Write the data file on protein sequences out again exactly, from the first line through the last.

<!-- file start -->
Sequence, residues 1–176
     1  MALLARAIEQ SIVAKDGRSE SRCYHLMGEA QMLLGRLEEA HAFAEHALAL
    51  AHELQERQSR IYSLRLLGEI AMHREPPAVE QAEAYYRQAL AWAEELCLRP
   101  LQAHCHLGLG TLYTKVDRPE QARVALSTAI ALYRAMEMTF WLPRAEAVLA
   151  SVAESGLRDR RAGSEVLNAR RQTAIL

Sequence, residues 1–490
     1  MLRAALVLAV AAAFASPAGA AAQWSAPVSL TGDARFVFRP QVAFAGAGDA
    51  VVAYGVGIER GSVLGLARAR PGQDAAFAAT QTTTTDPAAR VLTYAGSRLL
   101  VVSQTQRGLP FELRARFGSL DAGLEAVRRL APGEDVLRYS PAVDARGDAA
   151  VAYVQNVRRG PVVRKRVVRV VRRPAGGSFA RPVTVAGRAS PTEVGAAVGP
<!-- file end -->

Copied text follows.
Sequence, residues 1–176
     1  MALLARAIEQ SIVAKDGRSE SRCYHLMGEA QMLLGRLEEA HAFAEHALAL
    51  AHELQERQSR IYSLRLLGEI AMHREPPAVE QAEAYYRQAL AWAEELCLRP
   101  LQAHCHLGLG TLYTKVDRPE QARVALSTAI ALYRAMEMTF WLPRAEAVLA
   151  SVAESGLRDR RAGSEVLNAR RQTAIL

Sequence, residues 1–490
     1  MLRAALVLAV AAAFASPAGA AAQWSAPVSL TGDARFVFRP QVAFAGAGDA
    51  VVAYGVGIER GSVLGLARAR PGQDAAFAAT QTTTTDPAAR VLTYAGSRLL
   101  VVSQTQRGLP FELRARFGSL DAGLEAVRRL APGEDVLRYS PAVDARGDAA
   151  VAYVQNVRRG PVVRKRVVRV VRRPAGGSFA RPVTVAGRAS PTEVGAAVGP